Albert Hull (1936-2015) preaches on the challenging topic of legacy. In his final epistle, written in jail to Timothy, Paul urges him to be a devoted soldier, a disciplined athlete, a diligent farmer and a dedicated workman. What legacy are you leaving behind? Readings: 2 Tim 2:1-15, 19-26. (Message preached in Stark Road Gospel hall, Livonia, Michigan, USA, 21 Oct 1995).
Dan Rudge expounds the last chapter of 2nd Timothy in 4 divisions: v1-5 – the Charge of the Apostle, v6-8 – the Course of the Athlete, v9-18 – the Concern of the Prisoner, and v19-22 – the Companions of the Servant. Dan emphasises the command to Timothy to “preach the word” and highlights the various reasons why Paul gives him this solemn charge – made all the more significant and striking in that this chapter forms the very last written…
After reading 2 Tim 3:1-17, 2 Pet 3:1-4 and Jude 1:3-4, 17-39, Tom West preaches on 2 Timothy Ch 3 under three divisions: v1-9 The False Christian, v10-12 The Faithful Christian, v13-17 The Furnished Christian. Tom majors on the danger of false doctrine in the last days and exposes the character, conduct and conclusion of the “evil men and seducers” who will grow worse and worse until the Lord’s return – while exhorting us to give heed to the inspired…
Peter Scarsbrook works through 2 Timothy Ch 2 and brings out a list of pictures and portraits from the chapter as follows: a Steward, a Soldier, a Sportsman, a Sower, a Student, Stumblingblocks and a Servant. He brings forth some practical exhortations in relation to the Christian’s warfare; rightly dividing the Word of God dispensationally; not entangling oneself in politics and voting; and the need for labouring in the gospel (Message preached 23rd May 2019)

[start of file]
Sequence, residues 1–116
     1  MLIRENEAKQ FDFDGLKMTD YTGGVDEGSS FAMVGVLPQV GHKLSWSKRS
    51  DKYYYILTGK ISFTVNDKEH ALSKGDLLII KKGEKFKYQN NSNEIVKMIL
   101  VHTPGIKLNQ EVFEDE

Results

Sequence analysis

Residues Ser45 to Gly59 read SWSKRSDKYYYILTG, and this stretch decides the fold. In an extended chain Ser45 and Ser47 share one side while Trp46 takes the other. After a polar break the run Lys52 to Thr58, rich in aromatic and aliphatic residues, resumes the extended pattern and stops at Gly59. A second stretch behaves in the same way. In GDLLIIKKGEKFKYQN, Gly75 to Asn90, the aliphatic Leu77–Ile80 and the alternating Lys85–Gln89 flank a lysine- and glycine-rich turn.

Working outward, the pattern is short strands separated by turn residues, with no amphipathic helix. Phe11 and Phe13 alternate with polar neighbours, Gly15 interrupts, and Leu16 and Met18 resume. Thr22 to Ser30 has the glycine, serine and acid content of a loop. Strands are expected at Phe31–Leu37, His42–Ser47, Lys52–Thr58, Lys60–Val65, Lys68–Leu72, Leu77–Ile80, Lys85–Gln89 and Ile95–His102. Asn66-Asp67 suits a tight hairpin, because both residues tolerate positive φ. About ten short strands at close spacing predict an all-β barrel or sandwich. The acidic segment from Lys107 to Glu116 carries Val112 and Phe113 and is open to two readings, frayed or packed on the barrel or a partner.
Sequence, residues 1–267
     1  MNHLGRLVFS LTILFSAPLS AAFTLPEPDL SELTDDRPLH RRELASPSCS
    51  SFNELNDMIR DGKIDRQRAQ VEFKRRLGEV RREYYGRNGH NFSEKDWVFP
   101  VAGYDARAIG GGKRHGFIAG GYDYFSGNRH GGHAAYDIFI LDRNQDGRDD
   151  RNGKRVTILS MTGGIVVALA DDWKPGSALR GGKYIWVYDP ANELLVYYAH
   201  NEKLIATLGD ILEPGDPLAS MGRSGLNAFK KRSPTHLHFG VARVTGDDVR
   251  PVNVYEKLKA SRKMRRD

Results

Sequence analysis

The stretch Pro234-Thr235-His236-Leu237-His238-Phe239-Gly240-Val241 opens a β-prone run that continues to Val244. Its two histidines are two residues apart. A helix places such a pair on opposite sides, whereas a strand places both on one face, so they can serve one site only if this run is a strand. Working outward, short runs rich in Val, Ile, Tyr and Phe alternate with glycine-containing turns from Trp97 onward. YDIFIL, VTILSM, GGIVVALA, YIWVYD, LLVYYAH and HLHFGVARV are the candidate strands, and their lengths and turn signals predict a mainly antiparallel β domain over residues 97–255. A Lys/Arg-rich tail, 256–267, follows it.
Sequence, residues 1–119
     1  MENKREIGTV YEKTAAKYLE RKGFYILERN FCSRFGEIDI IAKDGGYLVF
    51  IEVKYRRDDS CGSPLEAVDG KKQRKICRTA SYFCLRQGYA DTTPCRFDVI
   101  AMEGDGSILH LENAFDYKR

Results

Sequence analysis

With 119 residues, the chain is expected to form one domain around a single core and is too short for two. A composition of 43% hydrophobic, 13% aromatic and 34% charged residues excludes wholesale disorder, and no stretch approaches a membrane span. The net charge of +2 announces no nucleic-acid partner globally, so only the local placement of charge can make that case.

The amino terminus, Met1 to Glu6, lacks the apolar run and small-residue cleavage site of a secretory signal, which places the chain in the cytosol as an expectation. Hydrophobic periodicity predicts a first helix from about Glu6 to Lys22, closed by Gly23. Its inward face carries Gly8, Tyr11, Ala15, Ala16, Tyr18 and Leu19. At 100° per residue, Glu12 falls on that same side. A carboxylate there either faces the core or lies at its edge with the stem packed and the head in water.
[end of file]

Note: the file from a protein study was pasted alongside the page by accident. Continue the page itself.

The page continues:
John Salisbury expounds 2 Timothy Ch 1. After dividing up and introducing the whole epistle, John builds his remarks on Chapter 1 around three mentions of the word “ashamed”. Neither Timothy (v8), Paul (v12) nor Onesiphorus (v16) are ashamed, and the reasons why are given according to the context. In the closing section of the message a helpful 7-point outline of Onesiphorus is given (Message preached 16th May 2019)
Mervyn Hall introduces a series of messages on “Why we believe what we believe” by asking a basic preliminary question – “Why stand for truth?” Is truth still as important as ever? Isn’t it all just a matter of opinion? Should not love hold the trump card over truth? Basing his remarks on Paul’s two epistles to Timothy, Mervyn not only defends the basic concept of truth, but also outlines 5 reasons why we still must stand for truth in…
Mervyn Hall gives a hands-on demonstration – using 2 Tim 2:15-16 – of how to study the Bible. (Graphics here and here). 1st: Divide the text (punctuation, conjunctions, verbs, participles, prepositions etc.). 2nd: Organise the text (flow and main point). 3rd: Probe the text (note the context, culture, history, and examine grammar). 4th: Synthesise the text (pull together and check for consistency with the rest of Scripture) (Message preached 18th Mar 2018)
Laying a foundation for a series of messages on dispensational truth, Mervyn Hall preaches on the basic principles of Biblical interpretation. How should the Bible be approached and studied? To rightly divide the word (2 Tim 2:15) – to cut a straight course through Scripture – what principles should guide us? Mervyn outlines 5: the synthesis principle; the historical principle; the literal principle; the grammatical principle and the practical principle (Message preached 6th Sept 2015)
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